Support 100 years of independent journalism.

  1. Politics
25 May 2007

Entrails and other body parts

In his final blog Evangelical Christian Alex Monro explains how he sees priesthood

By Alex Monro

Medieval Europe’s clergy were a powerful bunch with little to hold them in check – except the Pope and the king. I sympathise with Denis Diderot, who wrote in the eighteenth century that “man will never be free until the last king is strangled with the entrails of the last priest”.

For England, it was a return to biblical theology that helped achieve the beginnings of such a liberation, at least from the clergy’s long-standing monopoly on truth. The bible had been kept out of lay hands and parents were expected to teach their children the Lord’s Prayer in Latin (or were burned to death for doing so in English), while the established church presented itself as the only means to salvation. The distribution of the scriptures in English made it possible for ordinary English people to read and interpret God’s word for themselves, and to see which teachings of the established church were at variance with scripture.

The difference of these two approaches to God’s word underpins how an evangelical church is built. Evangelicals can be found in many denominations in this country and around the world, such as the Pentecostal, Baptist, Anglican, United Reformed and house church movements. An evangelical church can vary somewhat in its structure according to denomination and culture.

But all such churches will share a belief that the word of God is their ultimate authority, not man. Moreover, all evangelicals believe that God has chosen Jesus to be the only go-between for man and God. There is no other priest who can act as mediator – all believers have direct access to God through Jesus.

Jesus himself appointed twelve apostles as the founders of the church and the apostles appointed leaders in the churches they founded. Bishops provide valuable help as overseers, but power rests with the local churches (the people, not the places), the nerve centre of God’s family and of gospel work. Within the individual church, the pastor is charged with teaching the word of God, but the congregation must test his teaching against the words of scripture and dismiss him if he refuses to teach faithfully. The pastor is also charged with care for the congregation, particularly for their spiritual welfare, though this should be shared with others.

Select and enter your email address Quick and essential guide to domestic and global politics from the New Statesman's politics team. A weekly newsletter helping you fit together the pieces of the global economic slowdown. The New Statesman’s global affairs newsletter, every Monday and Friday. The New Statesman’s weekly environment email on the politics, business and culture of the climate and nature crises - in your inbox every Thursday. Our weekly culture newsletter – from books and art to pop culture and memes – sent every Friday. A weekly round-up of some of the best articles featured in the most recent issue of the New Statesman, sent each Saturday. A newsletter showcasing the finest writing from the ideas section and the NS archive, covering political ideas, philosophy, criticism and intellectual history - sent every Wednesday. Sign up to receive information regarding NS events, subscription offers & product updates.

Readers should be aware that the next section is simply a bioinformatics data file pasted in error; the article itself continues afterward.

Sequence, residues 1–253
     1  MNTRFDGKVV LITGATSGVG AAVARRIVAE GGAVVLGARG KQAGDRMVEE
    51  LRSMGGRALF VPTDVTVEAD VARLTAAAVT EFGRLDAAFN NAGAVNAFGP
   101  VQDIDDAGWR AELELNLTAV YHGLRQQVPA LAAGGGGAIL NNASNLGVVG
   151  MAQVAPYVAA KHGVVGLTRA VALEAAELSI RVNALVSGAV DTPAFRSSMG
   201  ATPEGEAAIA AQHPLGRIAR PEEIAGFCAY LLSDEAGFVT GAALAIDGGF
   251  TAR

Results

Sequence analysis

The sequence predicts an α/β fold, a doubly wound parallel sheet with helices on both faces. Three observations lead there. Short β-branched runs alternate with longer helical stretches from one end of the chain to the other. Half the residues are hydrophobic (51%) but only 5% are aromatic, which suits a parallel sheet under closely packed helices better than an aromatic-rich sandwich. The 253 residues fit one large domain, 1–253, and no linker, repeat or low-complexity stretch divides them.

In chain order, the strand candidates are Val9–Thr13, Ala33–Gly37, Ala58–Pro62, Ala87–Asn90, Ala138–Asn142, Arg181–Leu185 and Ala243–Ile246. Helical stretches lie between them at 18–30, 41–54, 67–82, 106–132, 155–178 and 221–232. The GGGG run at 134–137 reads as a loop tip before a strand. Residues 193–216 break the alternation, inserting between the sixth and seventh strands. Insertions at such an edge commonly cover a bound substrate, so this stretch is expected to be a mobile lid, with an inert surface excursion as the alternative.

• Administration / Office
  • Arts and Culture
  • Board Member
  • Business / Corporate Services
  • Client / Customer Services
  • Communications
  • Construction, Works, Engineering
  • Education, Curriculum and Teaching
  • Environment, Conservation and NRM
  • Facility / Grounds Management and Maintenance
  • Finance Management
  • Health - Medical and Nursing Management
  • HR, Training and Organisational Development
  • Information and Communications Technology
  • Information Services, Statistics, Records, Archives
  • Infrastructure Management - Transport, Utilities
  • Legal Officers and Practitioners
  • Librarians and Library Management
  • Management
  • Marketing
  • OH&S, Risk Management
  • Operations Management
  • Planning, Policy, Strategy
  • Printing, Design, Publishing, Web
  • Projects, Programs and Advisors
  • Property, Assets and Fleet Management
  • Public Relations and Media
  • Purchasing and Procurement
  • Quality Management
  • Science and Technical Research and Development
  • Security and Law Enforcement
  • Service Delivery
  • Sport and Recreation
  • Travel, Accommodation, Tourism
  • Wellbeing, Community / Social Services
Visit our privacy Policy for more information about our services, how New Statesman Media Group may use, process and share your personal data, including information on your rights in respect of your personal data and how you can unsubscribe from future marketing communications.

The bible describes the church as a body, with Christ as the head and each person having a function within the body. The emphasis is on the different individual roles contributing to the successful working of the body, rather than on any hierarchy of believers. This is because all are sinners, all are under Christ and all are part of Christ’s body. One biblical writer imagines a hand that wishes it were a foot and an ear that wishes it were an eye, as he tries to encourage his readers to serve God with the gifts they have. If the whole body were an ear, how would it hear, he asks?

There is but one body of Christ and it is made up of many parts – elders, teachers, encouragers, the exceptionally prayerful, musicians, administrators, those skilled in hospitality and many others besides. Over them all, even the pastor, is the word of God.

Topics in this article :